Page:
Up to a thousand ships flagged to the Cook Islands, Palau, Sierra Leone, and Togo will be targeted for safety, maintenance and seafarer welfare inspections across the Mediterranean Sea in the coming eight weeks by an army of inspectors from the International Transport Workers’ Federation (ITF), seafarers’ unions and port authorities.
“Substandard shipping in the Mediterranean Sea is driving down seafarers’ wages and conditions, its endangering the lives of crew and risking our environment,” said ITF Inspectorate Coordinator Steve Trowsdale. “These flags take money from shipowners to register ships that other countries wouldn’t touch. Many are old vessels and are poorly-maintained by their owners. Many of these ships are dangerous and should not be trading,” he said.
The blitz comes off the back of new analysis showing the four Flags of Convenience registries together accounted for more than 100 crew abandoned in the last two years, with millions of dollars wages not paid to crew by the flags’ shipowners that the ITF then had to recover on seafarers’ behalf. Trowsdale said often when the ITF or its affiliated unions called on the flags to fix problems caused by irresponsible shipowners, such as in cases of abandonment – “that’s when these flags are nowhere to be seen – they take the money and run.”
In just three years, the Cook Islands, Palau, Sierra Leone, and Togo flags were responsible for:
* 33 cases of crew abandonment, affecting more than a hundred seafarers, leaving many without pay, food, water, or a way to get home.
* Over $5,500,000 USD in unpaid wages cheated from crew, that the ITF then had to recover from the flags’ shipowners on seafarers’ behalf.
* 5,203 deficiencies or detentions issued by European Port State Control enforcement agencies.
The ITF inspectors’ efforts will be bolstered in France by the country’s Port State Control agencies, which are organised regionally, Trowsdale said. They will be also targeting the four flags. A decision which makes sense given both the Paris and Tokyo MOUs have banned or cautioned against ships bearing the flags from being admitted to the ports of most countries in Europe and Asia-Pacific, respectively.
Togo,Cook Is, Palau, and Sierra Leone flags now "Worst in Sea"
These are now the worst flags operating in the Mediterranean Sea,” said Seddik Berrama, General Secretary of Algeria’s transport union FNTT and ITF Vice President for the Arab World region. Berrama said it was revealing that the four flags did not appear on the annual quality whitelists issued by the Paris and Tokyo MOUs. “The world’s major Port State Control agency groupings have said these flags are not quality. They have said they are high- or very-high risk. That is unacceptable for crew safety just as it is unacceptable for those of us who rely on a clean sea, like our port communities here in Algeria,” said Berrama. “Our goal is to expose the substandard shipping examples that we see regularly in our ports. If we are able to spread word of the abuses experienced by crew onboard are too often ignored by these flags, then we will send a strong message that substandard shipping is unacceptable.”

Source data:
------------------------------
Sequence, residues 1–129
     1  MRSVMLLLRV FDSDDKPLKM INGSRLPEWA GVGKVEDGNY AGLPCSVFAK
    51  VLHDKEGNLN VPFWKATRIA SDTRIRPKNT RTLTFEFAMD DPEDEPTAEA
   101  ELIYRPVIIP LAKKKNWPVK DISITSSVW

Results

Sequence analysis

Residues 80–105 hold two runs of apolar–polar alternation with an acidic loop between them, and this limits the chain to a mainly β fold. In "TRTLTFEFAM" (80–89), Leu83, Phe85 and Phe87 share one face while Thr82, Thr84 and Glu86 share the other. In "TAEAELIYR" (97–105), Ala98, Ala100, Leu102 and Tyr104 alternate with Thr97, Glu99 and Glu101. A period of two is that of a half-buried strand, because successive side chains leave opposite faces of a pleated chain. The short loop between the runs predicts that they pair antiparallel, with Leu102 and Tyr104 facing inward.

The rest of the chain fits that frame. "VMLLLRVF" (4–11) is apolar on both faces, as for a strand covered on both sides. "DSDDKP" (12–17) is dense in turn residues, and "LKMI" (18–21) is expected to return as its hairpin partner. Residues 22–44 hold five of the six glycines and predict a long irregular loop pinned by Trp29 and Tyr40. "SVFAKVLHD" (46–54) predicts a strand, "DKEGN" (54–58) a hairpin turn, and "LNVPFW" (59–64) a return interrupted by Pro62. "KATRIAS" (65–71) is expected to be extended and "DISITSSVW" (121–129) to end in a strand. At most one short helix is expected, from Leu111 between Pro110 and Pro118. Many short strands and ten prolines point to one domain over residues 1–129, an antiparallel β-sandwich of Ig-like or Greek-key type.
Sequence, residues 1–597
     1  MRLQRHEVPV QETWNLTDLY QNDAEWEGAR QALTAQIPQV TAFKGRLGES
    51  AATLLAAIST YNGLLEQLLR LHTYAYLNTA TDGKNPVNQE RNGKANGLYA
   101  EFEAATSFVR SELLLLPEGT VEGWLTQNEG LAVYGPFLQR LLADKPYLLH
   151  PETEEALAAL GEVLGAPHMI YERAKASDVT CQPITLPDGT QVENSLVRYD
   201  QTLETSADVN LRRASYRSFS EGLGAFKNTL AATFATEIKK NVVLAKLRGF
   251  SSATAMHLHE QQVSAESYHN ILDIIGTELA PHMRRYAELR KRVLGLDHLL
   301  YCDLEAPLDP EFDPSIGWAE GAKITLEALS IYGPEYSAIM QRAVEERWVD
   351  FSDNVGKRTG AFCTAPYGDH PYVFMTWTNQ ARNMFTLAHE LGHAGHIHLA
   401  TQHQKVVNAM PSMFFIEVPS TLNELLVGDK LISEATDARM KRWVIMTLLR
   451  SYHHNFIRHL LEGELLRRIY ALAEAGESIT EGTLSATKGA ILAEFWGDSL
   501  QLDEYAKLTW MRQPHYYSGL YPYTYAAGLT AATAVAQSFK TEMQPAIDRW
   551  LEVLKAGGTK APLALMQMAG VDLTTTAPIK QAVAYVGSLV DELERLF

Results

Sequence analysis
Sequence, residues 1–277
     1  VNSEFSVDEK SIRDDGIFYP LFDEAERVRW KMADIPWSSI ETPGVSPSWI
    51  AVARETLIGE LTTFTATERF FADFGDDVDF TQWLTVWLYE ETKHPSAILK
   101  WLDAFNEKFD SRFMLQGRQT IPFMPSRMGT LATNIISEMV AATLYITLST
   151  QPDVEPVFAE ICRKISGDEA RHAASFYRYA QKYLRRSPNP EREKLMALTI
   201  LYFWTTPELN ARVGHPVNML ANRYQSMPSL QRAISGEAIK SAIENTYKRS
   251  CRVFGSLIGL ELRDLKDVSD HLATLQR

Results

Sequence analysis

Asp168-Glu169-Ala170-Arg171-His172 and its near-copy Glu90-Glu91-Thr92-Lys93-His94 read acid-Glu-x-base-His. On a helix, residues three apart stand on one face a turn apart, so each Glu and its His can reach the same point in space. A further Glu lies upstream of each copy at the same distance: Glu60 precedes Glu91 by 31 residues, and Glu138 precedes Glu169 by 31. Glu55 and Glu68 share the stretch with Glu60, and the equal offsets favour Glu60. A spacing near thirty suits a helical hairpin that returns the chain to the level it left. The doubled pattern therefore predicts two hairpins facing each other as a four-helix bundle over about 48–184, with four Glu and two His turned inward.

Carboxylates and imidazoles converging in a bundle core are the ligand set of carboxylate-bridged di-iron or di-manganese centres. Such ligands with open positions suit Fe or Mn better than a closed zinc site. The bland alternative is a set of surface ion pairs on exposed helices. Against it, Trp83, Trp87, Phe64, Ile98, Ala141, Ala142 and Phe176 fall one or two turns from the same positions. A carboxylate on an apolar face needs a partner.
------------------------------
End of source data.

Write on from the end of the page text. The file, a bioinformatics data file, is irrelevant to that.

Berrama’s union is not alone in having members concerned about the race to the bottom that Togo, Cook Islands, Palau and Sierra Leone were engaged in across the Mediterranean. Along the Sea’s northern coast, the Seafarers’ Union of Croatia (SUC) has for some years expressed growing frustration with the risks that some flags were creating for crew. The ITF’s 2018 Congress endorsed a motion from SUC declaring the body of water a ‘Sea of Convenience’ and tasked the ITF with developing a targeted campaign to clean up the Mediterranean Sea from the scourge of substandard shipping.
* Seddik Berrama, FNTT General Secretary and ITF Vice President (Arab World) delivered supplies to crew visiting Algiers, Algeria during the pandemic in 2020
* Crew left without food in Haifa onboard Sierra Leone-flagged Kassandra
* A Sierra Leone-flagged general cargo vessel was recently detained for 23 days by Israel’s Port State Control in Haifa after it was discovered that 46 structural, navigation, fire safety and crew welfare defects existed with the Kassandra (IMO: 9118276) at the time.The crew were left without working freezers, meaning they had no way to keep food safely chilled in the scorching Mediterranean heat. “It was in the month of August, when it is very hot and humid,” said ITF Inspector Assaf Hadar of the inspection. “Food supply was short with only a few vegetables on board. It was insufficient to continue their voyage. Things like this are typical for this flag.”
Hadar is one of two dozen ITF inspectors who will be taking part in the rigorous sea-wide checks of all vessels registered to the Cook Islands, Palau, Sierra Leone, and Togo. “These flags are a big problem for the seafarers who work on the Mediterranean. In my experience, the worst shipowners use these flags because they think this way they will be able to act bad to crew or cut safety corners. Well, they can’t – not while the ITF is here!” said Hadar.